Though I wouldn't necessarily expect Obama to use the words “income inequality” as readily as he has been in recent weeks. After all, polling shows that “income inequality” doesn't even rank as an issue of importance to the American people. Breitbart points out the possible shift from “income inequality” to “ladders of opportunity.” Politicians love to change the language for their arguments, thinking that their greatest downfall is the sales pitch and not the policy itself. While the idea of opportunity sound promising, the way Obama wishes to provide or achieve these opportunities will likely be through big government initiatives. Question: If our federal government has spent trillions over the last few decades trying to end poverty, and it has failed to do so, why should we look to the government again to solve an issue like income inequality? How many trillions will we redistribute in the name of “wealth inequality” only to find that it doesn't solve the problem?
Anyway, the substance of Obama's speech will be predictably progressive. But the way that he is planning to achieve many of these initiatives is also raising some eyebrows. Throughout his presidency, Obama has become infamous for his unilateral, executive actions. For example, he decided to delay the employer mandate for ObamaCare, completely bypassing Congress or the process by which we change laws. We can expect more of that going forward.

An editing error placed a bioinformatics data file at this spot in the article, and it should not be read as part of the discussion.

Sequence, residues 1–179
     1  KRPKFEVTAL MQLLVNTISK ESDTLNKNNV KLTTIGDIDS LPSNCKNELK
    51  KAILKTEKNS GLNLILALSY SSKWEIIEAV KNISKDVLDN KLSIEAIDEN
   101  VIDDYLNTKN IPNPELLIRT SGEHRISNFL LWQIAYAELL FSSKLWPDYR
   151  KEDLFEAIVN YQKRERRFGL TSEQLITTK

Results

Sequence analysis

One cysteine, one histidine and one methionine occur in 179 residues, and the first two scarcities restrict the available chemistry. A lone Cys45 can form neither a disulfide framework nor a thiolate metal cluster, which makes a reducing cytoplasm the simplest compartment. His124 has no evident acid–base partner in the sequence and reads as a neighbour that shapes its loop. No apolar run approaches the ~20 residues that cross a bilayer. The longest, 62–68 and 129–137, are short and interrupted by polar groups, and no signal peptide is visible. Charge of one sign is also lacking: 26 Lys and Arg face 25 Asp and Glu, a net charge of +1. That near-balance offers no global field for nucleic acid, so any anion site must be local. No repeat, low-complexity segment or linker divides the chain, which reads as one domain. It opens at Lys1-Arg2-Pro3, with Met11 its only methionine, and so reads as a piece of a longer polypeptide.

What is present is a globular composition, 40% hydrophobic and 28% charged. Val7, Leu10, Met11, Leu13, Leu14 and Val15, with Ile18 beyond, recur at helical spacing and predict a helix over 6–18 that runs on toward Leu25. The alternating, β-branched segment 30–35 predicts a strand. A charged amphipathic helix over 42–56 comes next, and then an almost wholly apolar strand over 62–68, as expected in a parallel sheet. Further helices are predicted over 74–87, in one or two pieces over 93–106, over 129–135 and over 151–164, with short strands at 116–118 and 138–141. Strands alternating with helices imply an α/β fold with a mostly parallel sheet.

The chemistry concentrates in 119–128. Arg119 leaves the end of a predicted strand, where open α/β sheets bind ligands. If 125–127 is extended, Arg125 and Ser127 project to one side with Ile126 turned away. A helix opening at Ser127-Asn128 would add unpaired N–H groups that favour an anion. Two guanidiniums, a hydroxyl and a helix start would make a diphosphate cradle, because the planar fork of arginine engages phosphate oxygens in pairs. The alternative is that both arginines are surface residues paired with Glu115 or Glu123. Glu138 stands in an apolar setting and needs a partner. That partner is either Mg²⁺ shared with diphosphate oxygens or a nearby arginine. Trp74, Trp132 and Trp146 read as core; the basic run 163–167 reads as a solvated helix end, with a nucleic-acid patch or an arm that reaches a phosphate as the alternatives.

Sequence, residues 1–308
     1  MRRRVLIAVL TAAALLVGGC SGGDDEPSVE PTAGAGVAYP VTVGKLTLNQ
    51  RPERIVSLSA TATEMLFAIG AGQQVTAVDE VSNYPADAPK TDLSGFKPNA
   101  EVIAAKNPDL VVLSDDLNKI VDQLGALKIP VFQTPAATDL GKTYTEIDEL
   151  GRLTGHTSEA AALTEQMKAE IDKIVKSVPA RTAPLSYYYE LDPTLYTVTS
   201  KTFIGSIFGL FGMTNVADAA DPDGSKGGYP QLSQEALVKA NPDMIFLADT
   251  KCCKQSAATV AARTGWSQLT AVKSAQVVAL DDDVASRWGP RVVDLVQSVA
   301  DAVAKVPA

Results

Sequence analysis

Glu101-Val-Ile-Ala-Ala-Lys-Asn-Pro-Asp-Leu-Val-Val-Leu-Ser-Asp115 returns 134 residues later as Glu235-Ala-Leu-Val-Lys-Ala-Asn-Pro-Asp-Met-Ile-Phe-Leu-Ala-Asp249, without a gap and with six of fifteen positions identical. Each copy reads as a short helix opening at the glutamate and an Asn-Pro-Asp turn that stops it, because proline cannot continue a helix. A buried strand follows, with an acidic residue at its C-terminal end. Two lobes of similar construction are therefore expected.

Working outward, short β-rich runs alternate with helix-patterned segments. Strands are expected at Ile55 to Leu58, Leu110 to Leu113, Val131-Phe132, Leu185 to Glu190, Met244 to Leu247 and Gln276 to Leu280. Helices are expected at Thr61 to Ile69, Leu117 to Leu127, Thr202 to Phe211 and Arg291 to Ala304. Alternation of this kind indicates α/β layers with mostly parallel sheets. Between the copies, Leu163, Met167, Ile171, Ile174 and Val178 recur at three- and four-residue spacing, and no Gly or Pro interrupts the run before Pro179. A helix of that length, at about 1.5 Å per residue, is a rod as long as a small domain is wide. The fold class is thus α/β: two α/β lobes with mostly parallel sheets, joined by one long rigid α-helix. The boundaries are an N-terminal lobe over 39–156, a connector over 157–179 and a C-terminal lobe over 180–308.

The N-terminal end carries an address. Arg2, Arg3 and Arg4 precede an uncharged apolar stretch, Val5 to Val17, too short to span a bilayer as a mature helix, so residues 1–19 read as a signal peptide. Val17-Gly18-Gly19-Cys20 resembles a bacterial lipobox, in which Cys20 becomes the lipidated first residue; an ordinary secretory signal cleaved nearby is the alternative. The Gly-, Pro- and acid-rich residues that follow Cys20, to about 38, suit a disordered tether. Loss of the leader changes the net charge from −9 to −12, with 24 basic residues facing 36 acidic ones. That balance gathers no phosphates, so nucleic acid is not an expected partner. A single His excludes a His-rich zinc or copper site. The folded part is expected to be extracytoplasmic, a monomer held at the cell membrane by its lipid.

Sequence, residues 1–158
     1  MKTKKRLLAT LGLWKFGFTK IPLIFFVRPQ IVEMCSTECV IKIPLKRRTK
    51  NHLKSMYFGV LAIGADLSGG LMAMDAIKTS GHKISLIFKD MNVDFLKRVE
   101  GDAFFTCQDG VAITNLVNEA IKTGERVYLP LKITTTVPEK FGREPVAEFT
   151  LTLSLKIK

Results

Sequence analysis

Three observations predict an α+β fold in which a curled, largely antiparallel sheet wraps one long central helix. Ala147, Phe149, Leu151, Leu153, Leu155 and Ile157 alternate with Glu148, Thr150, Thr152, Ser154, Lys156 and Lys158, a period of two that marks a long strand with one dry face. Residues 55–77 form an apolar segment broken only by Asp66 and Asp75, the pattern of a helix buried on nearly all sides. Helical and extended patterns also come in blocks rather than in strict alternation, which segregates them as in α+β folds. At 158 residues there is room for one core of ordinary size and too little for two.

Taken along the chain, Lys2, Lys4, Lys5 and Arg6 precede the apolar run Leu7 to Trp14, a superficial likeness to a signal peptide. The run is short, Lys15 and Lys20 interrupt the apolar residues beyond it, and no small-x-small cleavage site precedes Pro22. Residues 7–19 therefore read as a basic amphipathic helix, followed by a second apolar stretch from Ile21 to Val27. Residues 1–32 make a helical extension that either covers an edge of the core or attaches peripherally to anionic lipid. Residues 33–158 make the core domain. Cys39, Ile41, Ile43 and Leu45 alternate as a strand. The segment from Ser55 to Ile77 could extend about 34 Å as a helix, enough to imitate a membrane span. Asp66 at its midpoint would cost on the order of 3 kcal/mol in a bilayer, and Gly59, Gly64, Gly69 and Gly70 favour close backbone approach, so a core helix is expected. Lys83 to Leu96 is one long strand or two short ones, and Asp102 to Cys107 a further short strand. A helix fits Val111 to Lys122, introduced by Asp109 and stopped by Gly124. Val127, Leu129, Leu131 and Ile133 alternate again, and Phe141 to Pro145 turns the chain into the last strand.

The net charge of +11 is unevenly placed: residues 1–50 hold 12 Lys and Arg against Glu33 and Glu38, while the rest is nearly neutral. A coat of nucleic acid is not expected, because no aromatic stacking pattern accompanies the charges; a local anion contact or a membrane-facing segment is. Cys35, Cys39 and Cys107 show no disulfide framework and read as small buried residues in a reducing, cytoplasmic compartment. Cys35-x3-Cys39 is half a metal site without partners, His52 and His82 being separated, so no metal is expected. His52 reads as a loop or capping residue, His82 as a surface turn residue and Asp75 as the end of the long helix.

Over the weekend the Washington Post reported on a White House memo, which tried to nail down what went wrong in 2013 and what they will do to change things in 2014. Here's a sentence I want to point out: “But for the first time, following what many allies view as a lost year, the White House is reorganizing itself to support a more executive-focused presidency and inviting the rest of the government to help.” In other words, Obama will not let Congressional action determine the success of his presidency, but will do everything he can to dictate change.
Here's more from the Washington Post, “The buzzwords this year are 'the pen and the phone' — the West Wing terms for executive action and presidential effort to promote ideas on the economy, education and social mobility at the state and local levels.” This lines up with the Wall Street Journal's report on Obama using the State of the Union address to “emphasize his intention to use unilateral presidential authority—bypassing Congress when necessary.”
This has rightly prompted criticism of Obama's “imperial presidency” and abuse of executive power. But expect the Obama-mania media to downplay any talk of Obama ignoring the Constitution, the separation of powers and abusing the role of the executive. Senator Ted Cruz went on Face the Nation and criticized Obama's abuse of power. Unfortunately those comments didn't make the final cut. You can see them here.
Ted Cruz, by the way, has an idea for what Obama should say in his State of the Union address: "If President Obama wants to give an honest, candid State of the Union address this week, he'll address the fact that his economic policies are not working and that they're exacerbating income inequality, they're hurting the people who are struggling the most.” He also says Obama should apologize to those to whom he lied to about losing their insurance because of ObamaCare. Obama should look in the camera and say, “I'm sorry, I told you if you like your health insurance plan, you can keep it; I told you if you like your doctor, you can keep your doctor, and that wasn't true. I'm sorry.” I'm not holding my breath on that one.